Anthony Castillo is a Hollywood stunt professional for TV and film and an instructor at a stunt training company. He lives at home with his father and is hoping to buy a home, but his non-steady income makes it difficult for him to get a mortgage. He is adamantly, uncompromisingly determined that he wants to remain relationship-free.
Eva Montgomery is a fitness instructor. She lives in the shadow of her father’s concern — a concern that can be as smothering as it is manipulative. After a scumbag of a boyfriend tried to force her to marry him by attempting to impregnate her, she is single-mindedly resolute in avoiding future serious entanglements.
Eva’s best friend, Tori, is Anthony’s first cousin. Eva and Anthony meet at Tori’s wedding and the attraction is definitely on, but the sparks really fly when they meet over being bumped off full flights leading to a hookup. Despite it being spectacular, both vow that this is a one-night-only deal and choose to move on with their lives.
Fast forward three months and Eva gives in to Tori’s urging to move across the country to Los Angeles and join Tori’s gym as a fitness instructor of Zumba. And as luck would have it, Anthony is a fitness instructor of self-defense at the same gym. Now suddenly their one-night-only deal becomes the one night they cannot banish from their minds. It’s right there in front of their noses every time they see each other.
When Eva finds out about how much stunt doubles get paid in Hollywood, she is convinced that being a part time stunt person on movie sets would be a good way for her to capitalize on her physical fitness potential to ensure a supplemental income. Unfortunately, Anthony is the one making decisions about who to admit to the best stunt school in the city.
And Anthony is adamantly opposed to Eva doing stunt training. He thinks she’s a dilettante and not thinking of doing it as a career. He knows it is dangerous work. He also doesn’t want to be in her proximity, for every charged encounter with her leads to him thinking of her constantly afterwards. Neither is Eva enthused to be taking instruction from Anthony. But she needs the income and thinks that stunt work is her best option. He is constantly at the forefront of her mind, and that makes her wary.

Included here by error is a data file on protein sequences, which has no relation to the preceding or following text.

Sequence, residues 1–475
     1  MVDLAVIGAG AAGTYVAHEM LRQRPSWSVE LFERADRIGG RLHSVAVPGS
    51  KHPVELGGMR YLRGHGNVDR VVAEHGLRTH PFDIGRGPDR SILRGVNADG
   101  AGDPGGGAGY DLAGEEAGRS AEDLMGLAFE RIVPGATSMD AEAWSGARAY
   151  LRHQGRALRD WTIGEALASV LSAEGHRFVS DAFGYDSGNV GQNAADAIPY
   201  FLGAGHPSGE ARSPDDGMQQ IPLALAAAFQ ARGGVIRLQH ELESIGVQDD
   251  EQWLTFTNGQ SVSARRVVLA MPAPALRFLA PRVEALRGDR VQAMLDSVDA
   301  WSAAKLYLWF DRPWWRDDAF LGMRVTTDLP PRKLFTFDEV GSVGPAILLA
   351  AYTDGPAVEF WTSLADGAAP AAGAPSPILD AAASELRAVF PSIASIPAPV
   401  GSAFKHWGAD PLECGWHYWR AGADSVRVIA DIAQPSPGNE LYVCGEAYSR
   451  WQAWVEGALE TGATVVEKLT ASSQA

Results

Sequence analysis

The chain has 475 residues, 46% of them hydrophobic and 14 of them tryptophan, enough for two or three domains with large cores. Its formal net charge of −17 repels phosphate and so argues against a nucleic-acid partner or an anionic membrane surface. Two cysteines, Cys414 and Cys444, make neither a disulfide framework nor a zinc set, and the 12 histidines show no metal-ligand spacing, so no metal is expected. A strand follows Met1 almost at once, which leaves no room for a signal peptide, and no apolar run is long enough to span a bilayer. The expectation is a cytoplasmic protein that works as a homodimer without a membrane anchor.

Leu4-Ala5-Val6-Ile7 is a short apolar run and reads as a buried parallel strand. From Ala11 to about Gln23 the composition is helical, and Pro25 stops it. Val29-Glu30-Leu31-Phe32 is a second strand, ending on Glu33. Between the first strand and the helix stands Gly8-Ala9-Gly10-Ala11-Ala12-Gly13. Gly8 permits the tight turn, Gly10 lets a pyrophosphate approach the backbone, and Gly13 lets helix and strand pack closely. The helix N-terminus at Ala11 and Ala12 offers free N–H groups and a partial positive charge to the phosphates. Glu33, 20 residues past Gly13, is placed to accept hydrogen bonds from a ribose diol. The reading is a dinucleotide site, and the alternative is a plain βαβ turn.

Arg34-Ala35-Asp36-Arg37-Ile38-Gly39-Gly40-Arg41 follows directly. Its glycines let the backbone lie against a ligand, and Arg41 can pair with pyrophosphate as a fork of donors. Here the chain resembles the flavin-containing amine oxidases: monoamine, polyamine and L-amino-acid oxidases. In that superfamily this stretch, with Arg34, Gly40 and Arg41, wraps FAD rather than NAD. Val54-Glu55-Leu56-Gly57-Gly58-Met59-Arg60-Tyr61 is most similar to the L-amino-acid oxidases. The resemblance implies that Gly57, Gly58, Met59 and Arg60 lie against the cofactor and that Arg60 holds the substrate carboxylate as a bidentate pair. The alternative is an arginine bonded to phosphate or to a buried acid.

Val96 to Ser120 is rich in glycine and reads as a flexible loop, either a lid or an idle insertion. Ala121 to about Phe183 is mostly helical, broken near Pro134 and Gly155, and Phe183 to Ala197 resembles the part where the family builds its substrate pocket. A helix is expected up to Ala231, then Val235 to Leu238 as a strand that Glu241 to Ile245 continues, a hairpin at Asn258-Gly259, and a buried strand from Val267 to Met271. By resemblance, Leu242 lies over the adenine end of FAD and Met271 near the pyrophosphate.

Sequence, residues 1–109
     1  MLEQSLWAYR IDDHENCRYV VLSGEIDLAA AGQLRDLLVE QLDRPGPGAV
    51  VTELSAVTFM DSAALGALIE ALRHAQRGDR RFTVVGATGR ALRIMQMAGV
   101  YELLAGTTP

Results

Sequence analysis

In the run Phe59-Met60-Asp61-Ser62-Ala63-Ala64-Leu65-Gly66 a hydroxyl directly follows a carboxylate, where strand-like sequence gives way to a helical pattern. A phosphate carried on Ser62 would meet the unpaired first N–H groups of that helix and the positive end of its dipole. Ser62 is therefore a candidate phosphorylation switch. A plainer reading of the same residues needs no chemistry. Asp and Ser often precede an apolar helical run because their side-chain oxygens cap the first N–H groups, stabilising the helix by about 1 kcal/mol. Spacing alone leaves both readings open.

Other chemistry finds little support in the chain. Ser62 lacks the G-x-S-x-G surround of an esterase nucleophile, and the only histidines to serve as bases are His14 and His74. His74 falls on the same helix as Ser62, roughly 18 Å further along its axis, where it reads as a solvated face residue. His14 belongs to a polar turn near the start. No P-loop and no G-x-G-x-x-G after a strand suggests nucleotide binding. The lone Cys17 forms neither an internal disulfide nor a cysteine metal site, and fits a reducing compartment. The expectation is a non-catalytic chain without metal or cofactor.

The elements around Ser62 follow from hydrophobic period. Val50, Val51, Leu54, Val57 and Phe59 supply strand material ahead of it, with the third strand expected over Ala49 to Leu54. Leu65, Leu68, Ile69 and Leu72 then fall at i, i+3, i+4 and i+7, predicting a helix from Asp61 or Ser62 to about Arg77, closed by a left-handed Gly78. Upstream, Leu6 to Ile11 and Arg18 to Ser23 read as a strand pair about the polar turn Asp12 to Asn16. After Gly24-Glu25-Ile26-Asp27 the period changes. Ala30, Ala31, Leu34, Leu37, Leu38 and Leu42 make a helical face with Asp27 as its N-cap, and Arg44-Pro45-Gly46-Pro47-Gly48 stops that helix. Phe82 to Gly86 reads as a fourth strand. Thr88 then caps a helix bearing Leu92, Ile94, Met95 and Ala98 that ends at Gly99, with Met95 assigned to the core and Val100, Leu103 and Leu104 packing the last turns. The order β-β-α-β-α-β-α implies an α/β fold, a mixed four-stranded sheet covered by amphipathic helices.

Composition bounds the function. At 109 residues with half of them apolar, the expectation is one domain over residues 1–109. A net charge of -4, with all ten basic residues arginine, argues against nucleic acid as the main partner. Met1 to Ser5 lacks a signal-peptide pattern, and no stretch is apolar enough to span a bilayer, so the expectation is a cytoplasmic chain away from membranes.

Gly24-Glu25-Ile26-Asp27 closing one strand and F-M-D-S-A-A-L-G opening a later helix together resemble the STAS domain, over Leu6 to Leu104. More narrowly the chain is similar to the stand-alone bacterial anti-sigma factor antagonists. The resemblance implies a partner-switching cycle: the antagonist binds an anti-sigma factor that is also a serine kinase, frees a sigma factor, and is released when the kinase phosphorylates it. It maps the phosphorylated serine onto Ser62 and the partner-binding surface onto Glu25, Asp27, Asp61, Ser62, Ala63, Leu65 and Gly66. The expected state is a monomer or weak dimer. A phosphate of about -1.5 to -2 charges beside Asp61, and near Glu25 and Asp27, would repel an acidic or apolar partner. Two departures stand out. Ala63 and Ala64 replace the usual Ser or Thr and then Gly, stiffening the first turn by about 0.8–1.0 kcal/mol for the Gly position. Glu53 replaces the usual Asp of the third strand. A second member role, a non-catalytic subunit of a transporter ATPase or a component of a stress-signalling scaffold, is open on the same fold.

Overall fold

Unfortunately for them, sparks do fly every time they are in the same room. They cannot keep their eyes off each other — they make each other’s hearts soar. They also cannot avoid goading the other into more and more indiscreet and outrageous conversational gambits. They are doppelgängers of each other, tinder to the fire between them.
Both are convinced that: In every relationship, you run the risk of either being hurt or doing the hurting. No relationship can achieve that perfect balance, that point when two halves love each other equally. This is what they grew up with in their families and this is their outlook.
How these two wounded souls cut through the tough shell of sarcasm and bruising wit to be willing to reveal their vulnerabilities and sensitivities — those places inside them that are still tender and haven’t scabbed over — is a testament to Sosa’s writing chops. She develops their characters over the course of the story such that by the end of the book they still retain their chutzpah while also layering in tenderness. That intoxicating combination of love and sass works like magic on their confidence as individuals and confidence as a couple. Despite their history, they become convinced of the rightness of their being together.
What can be more romantic for a stuntman to say than “I am so glad you crashed into my life. The biggest fall of my life is falling in love with you”?